Patricks-MacBook-Pro:system stonesoup$ python -h "Bob Belcher" -w "Linda Belcher" -d1 "Tina Belcher" -s "Gene Belcher" -d2 "Louise Belcher" 
{'-h': 'Bob Belcher', '-w': 'Linda Belcher', '-d1': 'Tina Belcher', '-s': 'Gene Belcher', '-d2': 'Louise Belcher'}

Python Command Line Arguments

The sys module provides developers with an access point to command line arguments. Here is an example program that prints command line arguments to the console.

import sys

# The sys object has an argv field that is a
# list of the command line arguments passed to the program
# The first entry is the name of the script

Here is the program’s output when run from the command line.

Patricks-MacBook-Pro:system stonesoup$ python

The sys.argv object is a list of all command line arguments supplied to the script when run as a python program. Generally speaking, the first entry in the list is the name of the script. For more information on Python, see Programming Python: Powerful Object-Oriented Programming

Python Page Through A File

Many operating systems have command line tools that allow a user to page through a file in chunks. As a demonstration of how to read text files in Python, I used an example from Programming Python: Powerful Object-Oriented Programming.


def more(text, numlines=15):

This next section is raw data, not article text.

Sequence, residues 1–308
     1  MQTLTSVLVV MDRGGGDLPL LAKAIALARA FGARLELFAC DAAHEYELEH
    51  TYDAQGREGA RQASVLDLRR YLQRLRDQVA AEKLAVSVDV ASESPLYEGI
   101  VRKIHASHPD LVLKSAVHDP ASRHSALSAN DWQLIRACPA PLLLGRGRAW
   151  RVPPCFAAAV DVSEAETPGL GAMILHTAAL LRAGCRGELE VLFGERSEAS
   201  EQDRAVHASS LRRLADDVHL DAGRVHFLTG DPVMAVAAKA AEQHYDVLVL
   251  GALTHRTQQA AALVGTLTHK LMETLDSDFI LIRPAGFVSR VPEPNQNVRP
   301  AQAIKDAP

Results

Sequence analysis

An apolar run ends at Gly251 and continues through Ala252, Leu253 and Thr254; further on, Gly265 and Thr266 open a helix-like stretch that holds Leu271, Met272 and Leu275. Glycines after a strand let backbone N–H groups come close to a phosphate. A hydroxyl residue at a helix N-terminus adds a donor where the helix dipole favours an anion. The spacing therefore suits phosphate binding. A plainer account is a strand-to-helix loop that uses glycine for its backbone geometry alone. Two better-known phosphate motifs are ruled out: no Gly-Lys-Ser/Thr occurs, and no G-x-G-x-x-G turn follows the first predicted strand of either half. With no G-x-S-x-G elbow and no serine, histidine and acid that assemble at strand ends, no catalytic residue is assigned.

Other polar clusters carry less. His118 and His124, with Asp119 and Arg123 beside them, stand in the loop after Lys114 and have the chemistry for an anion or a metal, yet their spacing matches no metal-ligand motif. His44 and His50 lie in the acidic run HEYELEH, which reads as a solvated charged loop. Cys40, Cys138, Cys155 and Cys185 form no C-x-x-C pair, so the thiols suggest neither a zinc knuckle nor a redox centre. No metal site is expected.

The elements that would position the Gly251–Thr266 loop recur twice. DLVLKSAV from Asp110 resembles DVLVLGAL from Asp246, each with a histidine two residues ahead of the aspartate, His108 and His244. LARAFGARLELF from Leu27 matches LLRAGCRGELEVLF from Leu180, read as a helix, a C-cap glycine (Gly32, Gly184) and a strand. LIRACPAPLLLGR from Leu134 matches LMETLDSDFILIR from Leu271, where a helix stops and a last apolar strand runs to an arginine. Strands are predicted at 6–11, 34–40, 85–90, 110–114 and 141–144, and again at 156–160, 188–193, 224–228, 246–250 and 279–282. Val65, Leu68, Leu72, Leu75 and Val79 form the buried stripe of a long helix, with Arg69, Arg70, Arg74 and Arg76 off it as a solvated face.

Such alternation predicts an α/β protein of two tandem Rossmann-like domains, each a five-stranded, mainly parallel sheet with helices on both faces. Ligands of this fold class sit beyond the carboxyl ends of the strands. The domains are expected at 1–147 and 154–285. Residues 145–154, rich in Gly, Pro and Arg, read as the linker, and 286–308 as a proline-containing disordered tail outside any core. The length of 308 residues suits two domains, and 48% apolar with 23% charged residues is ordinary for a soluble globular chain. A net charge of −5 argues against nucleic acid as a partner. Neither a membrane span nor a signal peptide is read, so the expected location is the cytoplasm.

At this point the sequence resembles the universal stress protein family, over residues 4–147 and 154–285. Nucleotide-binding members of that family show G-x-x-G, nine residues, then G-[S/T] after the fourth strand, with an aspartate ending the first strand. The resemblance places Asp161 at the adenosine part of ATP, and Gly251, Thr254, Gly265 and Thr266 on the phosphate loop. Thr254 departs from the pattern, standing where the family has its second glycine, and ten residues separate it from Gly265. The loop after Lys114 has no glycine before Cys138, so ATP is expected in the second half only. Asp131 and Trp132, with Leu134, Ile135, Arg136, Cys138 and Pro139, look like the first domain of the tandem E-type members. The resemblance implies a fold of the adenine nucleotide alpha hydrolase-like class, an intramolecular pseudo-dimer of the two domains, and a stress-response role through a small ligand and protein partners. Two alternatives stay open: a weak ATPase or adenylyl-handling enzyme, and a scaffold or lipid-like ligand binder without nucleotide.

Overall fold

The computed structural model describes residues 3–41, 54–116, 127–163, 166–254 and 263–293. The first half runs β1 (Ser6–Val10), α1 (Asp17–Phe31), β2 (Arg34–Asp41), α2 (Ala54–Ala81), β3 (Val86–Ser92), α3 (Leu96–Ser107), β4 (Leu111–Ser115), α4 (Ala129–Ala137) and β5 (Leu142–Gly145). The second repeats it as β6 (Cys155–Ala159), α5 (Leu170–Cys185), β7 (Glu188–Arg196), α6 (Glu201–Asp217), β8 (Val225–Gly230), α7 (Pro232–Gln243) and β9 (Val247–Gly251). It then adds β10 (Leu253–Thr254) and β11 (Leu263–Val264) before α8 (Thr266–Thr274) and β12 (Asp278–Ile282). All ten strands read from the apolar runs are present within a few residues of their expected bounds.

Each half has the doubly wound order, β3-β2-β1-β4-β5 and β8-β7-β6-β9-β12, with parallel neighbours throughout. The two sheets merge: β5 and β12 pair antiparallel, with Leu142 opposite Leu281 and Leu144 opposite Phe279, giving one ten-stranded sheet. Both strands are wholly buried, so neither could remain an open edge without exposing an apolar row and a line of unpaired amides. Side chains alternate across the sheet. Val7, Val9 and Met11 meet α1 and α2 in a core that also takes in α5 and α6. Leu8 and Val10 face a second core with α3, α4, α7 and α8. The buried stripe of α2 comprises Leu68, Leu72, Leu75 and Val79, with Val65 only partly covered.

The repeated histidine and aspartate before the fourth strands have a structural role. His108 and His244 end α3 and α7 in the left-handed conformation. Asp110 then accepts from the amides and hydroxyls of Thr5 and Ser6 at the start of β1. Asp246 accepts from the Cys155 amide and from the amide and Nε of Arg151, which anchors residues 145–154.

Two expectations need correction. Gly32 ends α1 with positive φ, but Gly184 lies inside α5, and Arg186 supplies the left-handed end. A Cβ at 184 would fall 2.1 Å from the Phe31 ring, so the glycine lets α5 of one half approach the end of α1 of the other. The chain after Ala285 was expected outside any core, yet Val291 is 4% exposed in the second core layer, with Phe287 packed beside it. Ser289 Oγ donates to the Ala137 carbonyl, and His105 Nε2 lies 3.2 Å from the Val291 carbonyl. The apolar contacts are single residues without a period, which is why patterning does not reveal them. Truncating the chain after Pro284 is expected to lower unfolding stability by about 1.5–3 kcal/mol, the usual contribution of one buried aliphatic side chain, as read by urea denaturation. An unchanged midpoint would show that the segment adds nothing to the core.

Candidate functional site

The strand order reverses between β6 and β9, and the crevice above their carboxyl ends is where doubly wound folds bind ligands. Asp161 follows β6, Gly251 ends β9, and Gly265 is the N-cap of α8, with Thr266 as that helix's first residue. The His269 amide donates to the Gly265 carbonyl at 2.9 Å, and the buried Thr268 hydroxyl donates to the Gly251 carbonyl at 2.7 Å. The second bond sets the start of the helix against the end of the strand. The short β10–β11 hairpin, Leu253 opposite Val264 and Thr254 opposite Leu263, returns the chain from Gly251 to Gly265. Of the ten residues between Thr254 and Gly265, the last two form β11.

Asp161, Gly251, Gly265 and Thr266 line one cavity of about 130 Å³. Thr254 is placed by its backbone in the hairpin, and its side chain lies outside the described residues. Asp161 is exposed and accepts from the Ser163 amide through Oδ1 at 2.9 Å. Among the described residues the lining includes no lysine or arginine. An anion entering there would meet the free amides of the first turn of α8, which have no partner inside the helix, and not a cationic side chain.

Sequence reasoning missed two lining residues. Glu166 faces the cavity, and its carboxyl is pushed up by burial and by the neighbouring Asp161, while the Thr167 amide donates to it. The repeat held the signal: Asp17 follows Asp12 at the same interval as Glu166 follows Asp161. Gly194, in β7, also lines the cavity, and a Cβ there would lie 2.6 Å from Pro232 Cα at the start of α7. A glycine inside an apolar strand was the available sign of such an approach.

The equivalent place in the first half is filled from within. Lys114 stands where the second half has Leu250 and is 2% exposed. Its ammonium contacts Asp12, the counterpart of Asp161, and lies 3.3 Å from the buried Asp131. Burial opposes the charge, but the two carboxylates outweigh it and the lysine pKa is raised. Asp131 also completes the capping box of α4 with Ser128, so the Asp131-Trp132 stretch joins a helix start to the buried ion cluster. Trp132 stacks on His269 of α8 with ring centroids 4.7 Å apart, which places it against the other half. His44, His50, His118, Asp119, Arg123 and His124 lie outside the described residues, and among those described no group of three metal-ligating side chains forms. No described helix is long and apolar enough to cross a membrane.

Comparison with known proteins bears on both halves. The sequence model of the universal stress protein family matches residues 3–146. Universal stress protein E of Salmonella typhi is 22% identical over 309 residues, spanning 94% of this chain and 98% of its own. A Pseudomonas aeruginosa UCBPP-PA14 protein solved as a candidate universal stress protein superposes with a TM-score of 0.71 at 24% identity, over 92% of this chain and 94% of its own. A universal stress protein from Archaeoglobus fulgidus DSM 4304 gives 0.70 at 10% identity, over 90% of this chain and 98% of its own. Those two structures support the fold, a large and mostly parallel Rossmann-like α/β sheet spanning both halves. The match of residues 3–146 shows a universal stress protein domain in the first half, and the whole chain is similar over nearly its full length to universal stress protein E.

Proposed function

# This splits the text into a list object based on line
    # endings
    lines = text.splitlines()

    # Now continue to loop until we are out of lines
    while lines:
        # Slice off numLines into chunk
        chunk = lines[:numlines]
        # Remove numLines from the beginning of lines
        lines = lines[numlines:]

        # Now loop through each line in chunk
        for line in chunk:
            # and then print a line
        # Now ask the user if we want to keep going
        if lines and input('More?') not in ['y', 'Y']:

if __name__ == '__main__':
    # Import sys so that we can read command line arguments
    import sys
    # Next, we are grabbing the first argument from the
    # command line, and passing it the open function
    # which returns a file object. Calling read on this
    # object will dump the contents of the file into a String
    # which gets passed to our more function above
    more(open(sys.argv[1]).read(), 10)

Detailed Explanation

The comments in the code above are mine and explain what is going on in the program. The program starts by testing if this script is getting called as a standalone program or if we are importing this code as a module.

Assuming this is a standalone program, we import the sys module so that we can examine the command line arguments. The second command line argument needs to be a text file or this program will crash. We pass the name of the file to the open function, which returns a file object. Calling read() on the file object dumps the entire contents of the file into a String.

At this point, we pass the string into our more() function. It starts out by splitting the string by lines, which returns a list object. We start to loop through this list object, which continues until the list is empty.